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The Martingale Doubling Strategy

By: R. Kingsley, Thursday August 14th 2008
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The Martingale doubling strategy has been designed for bets that pay even money. That is the reason it is most associated with the "Red" or "Black" wager in roulette.

The strategy is simple in execution and appears attractive and that is the reason it is popular with novice gamblers.

The strategy is designed to eventually win an amount equal to the initial wager by doubling the wager at each loss. It is best explained through an example by taking the initial wager as $1. Suppose the player wagers $1 on Red in his first wager. He will get back $2 if he wins and thus will win $1 after deducting his investment in the wager. If he loses then he will double the wager and bet $2 on Red. His total investment stands at $3 and if he wins on this spin of the wheel then he gets $4 and again wins $1. Winning $1 on an investment of $3 looks good. But if he loses the second time he will have to wager $4 on Red making his total investment $7. If he wins he gets $8 and again wins $1. So no matter how many times he wagers he will win only $1 in the end. Let us cut to the eighth round. In seven rounds his cumulative investment would have been $127 and he would have to wager $128 in the eighth round making his investment $255. He stands to get $256 if he wins and as usual wins $1. Now to invest $257 to win $1 starts looking foolish and there is no limit to how high the player will have to go.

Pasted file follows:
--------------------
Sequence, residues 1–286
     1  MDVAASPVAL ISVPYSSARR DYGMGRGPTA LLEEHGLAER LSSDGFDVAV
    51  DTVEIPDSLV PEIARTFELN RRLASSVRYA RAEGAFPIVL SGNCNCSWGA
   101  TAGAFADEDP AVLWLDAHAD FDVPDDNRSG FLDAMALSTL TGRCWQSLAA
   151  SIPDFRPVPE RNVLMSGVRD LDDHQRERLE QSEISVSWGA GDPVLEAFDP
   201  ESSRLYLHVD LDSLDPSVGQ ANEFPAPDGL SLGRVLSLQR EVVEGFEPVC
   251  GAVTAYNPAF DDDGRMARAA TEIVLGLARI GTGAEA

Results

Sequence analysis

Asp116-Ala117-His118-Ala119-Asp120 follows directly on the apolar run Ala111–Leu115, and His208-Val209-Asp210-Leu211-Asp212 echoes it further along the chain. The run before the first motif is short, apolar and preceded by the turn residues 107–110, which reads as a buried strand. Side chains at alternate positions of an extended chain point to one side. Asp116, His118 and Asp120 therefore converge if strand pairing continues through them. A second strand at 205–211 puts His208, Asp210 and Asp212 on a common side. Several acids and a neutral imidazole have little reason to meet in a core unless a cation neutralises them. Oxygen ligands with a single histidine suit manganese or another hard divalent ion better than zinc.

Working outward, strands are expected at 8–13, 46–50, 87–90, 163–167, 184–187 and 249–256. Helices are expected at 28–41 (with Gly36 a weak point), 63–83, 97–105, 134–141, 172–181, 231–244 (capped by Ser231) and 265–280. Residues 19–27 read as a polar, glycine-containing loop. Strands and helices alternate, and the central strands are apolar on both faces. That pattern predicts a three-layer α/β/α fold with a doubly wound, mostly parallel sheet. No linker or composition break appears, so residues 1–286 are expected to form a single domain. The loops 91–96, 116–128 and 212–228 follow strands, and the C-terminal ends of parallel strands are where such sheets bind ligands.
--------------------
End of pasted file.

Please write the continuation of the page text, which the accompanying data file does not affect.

There exists a perception among novice gamblers that if the spin of the wheel has resulted in a string of black numbers then the chance that the next number will be red is higher. The Martingale doubling strategy is not based on this faulty perception but because of this faulty perception this strategy is given more importance than it deserves. The roulette wheel has no memory. It does not remember what the last number was let alone the last two numbers. At every spin of the wheel both Red and Black have 50% chance of being called. If the last three numbers were black the probability of the next number being red is 50%. If the last ten numbers were black the probability of the next number being red is still 50%.

The Martingale doubling strategy should be avoided for two very important reasons. The first is that it eats up the bankroll. In order to win $1 the player has invested $257 on the eighth round. If he wants to win $10 his investment would be $2,750 averaging almost $350 per wager. The second reason is more crucial. The Martingale doubling strategy assumes that the player can keep on increasing his bets endlessly. However most online casinos put upper limits on wagers and here this strategy comes unstuck.

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